Here are some practical issues that you can ask him to start explaining. 1. How are the members of the Kingdom of God to organise the education of the young so that it conforms to God’s will rather than conforming to the dictates of the religion of secular humanism? 2. How is the Kingdom’s justice system to be organised so that it conforms to God’s will rather than conforming to the dictates of the religion of secular humanism? 3. How should the Kingdom’s welfare system be organised so that it conforms to God’s will rather than conforming to the dictates of the religion of secular humanism? 4. How is the Kingdom’s medical system to be organised so that it conforms to God’s will rather than conforming to the dictates of the religion of secular humanism? The Bible gives directions for all these things, and it does not call us to be compromised with the world but rather to transform the world, to disciple the nations to Christ.

This is not the whole of it of course, but it is a start, and these are the things that Jesus prioritised and that the Bible prioritises. We are commanded to teach the good news of the Kingdom of God to all nations. We are commanded to pursue justice (God’s righteousness). We are told to care for our neighbours. And we are told to heal the sick. All these things receive a higher priority in the teachings of Jesus and the Bible than getting the Sunday morning Church services and rituals correct, and therefore constitute the true worship that God requires of us. In fact the Bible does not prioritise the Sunday Church worship services at all, nor does it define worship as engaging in such services, and our prioritising of these things will achieve nothing in terms of the Great Commission. It is because the Church has put herself before the Kingdom of God that she is defeated before the world and compromised with it. Such compromise is caused by the idolatry involved in not prioritising what Jesus prioritised, which is the Kingdom of God and his righteousness. And the problem will not be resolved until the Church repents of this idolatry and does the works God has called her to do instead of the works she wishes to do,—unless she prioritises what the Lord has told her to prioritise and abandons her idolatry.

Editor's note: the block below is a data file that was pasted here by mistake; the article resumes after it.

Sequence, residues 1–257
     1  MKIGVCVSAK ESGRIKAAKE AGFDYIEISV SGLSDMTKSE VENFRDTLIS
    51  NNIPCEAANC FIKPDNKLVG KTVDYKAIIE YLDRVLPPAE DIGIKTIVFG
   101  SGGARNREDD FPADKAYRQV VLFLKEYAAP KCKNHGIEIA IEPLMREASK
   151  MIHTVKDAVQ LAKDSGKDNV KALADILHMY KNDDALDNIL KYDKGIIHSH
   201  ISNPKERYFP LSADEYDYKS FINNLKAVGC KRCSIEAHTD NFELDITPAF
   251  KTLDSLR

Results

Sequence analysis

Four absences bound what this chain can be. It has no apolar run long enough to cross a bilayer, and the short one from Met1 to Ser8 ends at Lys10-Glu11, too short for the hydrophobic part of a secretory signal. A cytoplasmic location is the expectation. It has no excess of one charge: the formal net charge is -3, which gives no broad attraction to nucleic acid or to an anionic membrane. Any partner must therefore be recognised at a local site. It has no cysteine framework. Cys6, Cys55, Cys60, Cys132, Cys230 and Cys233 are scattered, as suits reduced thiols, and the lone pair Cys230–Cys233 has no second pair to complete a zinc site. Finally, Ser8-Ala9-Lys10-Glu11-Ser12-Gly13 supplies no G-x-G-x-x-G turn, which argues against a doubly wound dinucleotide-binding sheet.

“Walk ye not in the statutes of your fathers, neither observe their judgements, neither defile yourselves with their idols: I am the Lord your God; walk in my statutes, and keep my judgements, and do them” (Ezek. 20:18–19).

    1. He did of course institute the Lord’s Supper, but the Church abandoned Christ’s ordinance in the early centuries of the Church’s history for one of her own devising. See my book The Christian Passover: Agape Feast or Ritual Abuse (Taunton: Kuyper Foundation, 2012). For a free PDF of the text click here.
  2. V. H. Stanton, The Jewish and Christian Messiah: A Study in the Earliest History of Christianity (Edinburgh: T. and T. Clark, 1886), pp. 203f, 206; my emphasis.
  3. Archibald Robertson, Regnum Dei: Eight Lectures on the Kingdom of God in the History of Christian Thought (London: Methuen and Co., 1901), p. 8.
  4. John Owen, An Enquiry into the Original, Nature, Institution, Powers, Order, and Communion of Evangelical Churches in Works (Edinburgh: The Banner of Truth Trust [Goold Edition, 1850–53], 1965), Vol. XV, p. 224f. See further here.